SINGAPORE (Reuters) - Singapore's central bank is expected to stick with a tight monetary policy stance to guard against inflationary pressures, while the economy probably maintained a solid pace of year-on-year growth in the first quarter.
Forecasts from 12 analysts showed that they all expect the Monetary Authority of Singapore (MAS) to keep unchanged its stance of allowing a "modest and gradual" appreciation of the Singapore dollar.
Economists expect the MAS to stay vigilant against potential inflationary pressures stemming from a tight labour market, which is partly a result of the government's efforts to boost productivity and reduce reliance on foreign labour.
"The risk to the economy in Singapore is more inflation than growth. I think that's what will keep the MAS on hold," said Tim Condon, head of research Asia for ING.
"It's more the threat that growth is quite good, the labour market is very tight and the productivity enhancing measures that the government put in place and is continuing to put in place are pushing up business costs," he added.
Singapore manages monetary policy by letting its dollar rise or fall against the currencies of its main trading partners within an undisclosed trading band.
The private forecasters covered by the survey all said they expect the MAS to make no changes to the slope, width and midpoint of the Singapore dollar's trading band.
"The MAS is aware that the labour market is extremely tight and it will get tighter because of how much harder it is for firms to bring in foreign workers now," said Daniel Martin, Asia economist for Capital Economics.
No exact date has been announced yet for the MAS policy decision and the advance estimate for first-quarter gross domestic product, but they are both expected to be released towards mid-April.
A Reuters survey of 13 economists showed that Singapore's gross domestic product probably expanded by 5.3 per cent in the first quarter compared with a year earlier, down slightly from 5.5 per cent growth in the fourth quarter of 2013.
On a quarter-on-quarter, seasonally adjusted and annualised basis, the city-state's GDP was seen likely to have eked out growth of 0.2 per cent in the first quarter, down from a 6.1 per cent expansion in the fourth quarter.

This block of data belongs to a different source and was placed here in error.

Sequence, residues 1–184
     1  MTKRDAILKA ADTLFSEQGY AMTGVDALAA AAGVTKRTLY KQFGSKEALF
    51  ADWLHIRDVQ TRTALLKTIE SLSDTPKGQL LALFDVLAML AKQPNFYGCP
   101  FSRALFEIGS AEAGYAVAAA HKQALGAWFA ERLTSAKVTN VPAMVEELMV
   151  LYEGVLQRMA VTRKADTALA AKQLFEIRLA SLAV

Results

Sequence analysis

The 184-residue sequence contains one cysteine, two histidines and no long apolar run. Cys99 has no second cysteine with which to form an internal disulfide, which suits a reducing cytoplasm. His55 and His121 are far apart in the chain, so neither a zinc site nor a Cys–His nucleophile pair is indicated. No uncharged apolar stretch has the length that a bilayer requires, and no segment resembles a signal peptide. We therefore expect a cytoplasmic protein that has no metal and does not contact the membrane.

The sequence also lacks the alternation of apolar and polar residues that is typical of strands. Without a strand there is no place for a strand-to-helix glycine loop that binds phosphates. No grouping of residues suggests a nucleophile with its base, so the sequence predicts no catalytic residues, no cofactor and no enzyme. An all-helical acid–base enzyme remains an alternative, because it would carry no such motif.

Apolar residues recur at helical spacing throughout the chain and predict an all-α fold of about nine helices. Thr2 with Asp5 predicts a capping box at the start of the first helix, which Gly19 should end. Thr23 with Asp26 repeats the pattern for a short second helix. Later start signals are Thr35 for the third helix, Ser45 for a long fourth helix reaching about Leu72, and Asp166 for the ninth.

"The outlook I think is actually OK for Singapore. It's not great, but it's OK," said Matt Hildebrandt, an economist for J.P.Morgan.
An expected pick-up in US and European growth should offset negative factors such as a slowdown in China and give a boost to Singapore's economy this year, he said.
Economists expect inflation to edge higher in coming months, after headline consumer inflation fell to a four-year low in February of 0.4 per cent year-on-year.
The recent fall in inflation owes a lot to negative base effects stemming from swings in the prices of car permits since early 2013, and headline inflation is expected to bounce back in coming months as that impact wears off.
"I actually think we're at the trough of at least year-on-year inflation right now," said Credit Suisse economist Michael Wan, adding that inflation is likely to rise to levels around 3 per cent in the next few months.
In addition, the MAS measure of core inflation, which excludes changes in the prices of cars and accommodation, is expected to head higher on the back of potential wage cost pressures.
A recent survey conducted by MAS showed that economists expect core inflation to reach 2.4 per cent year-on-year for the whole of 2014. In February, core inflation stood at 1.6 per cent year-on-year.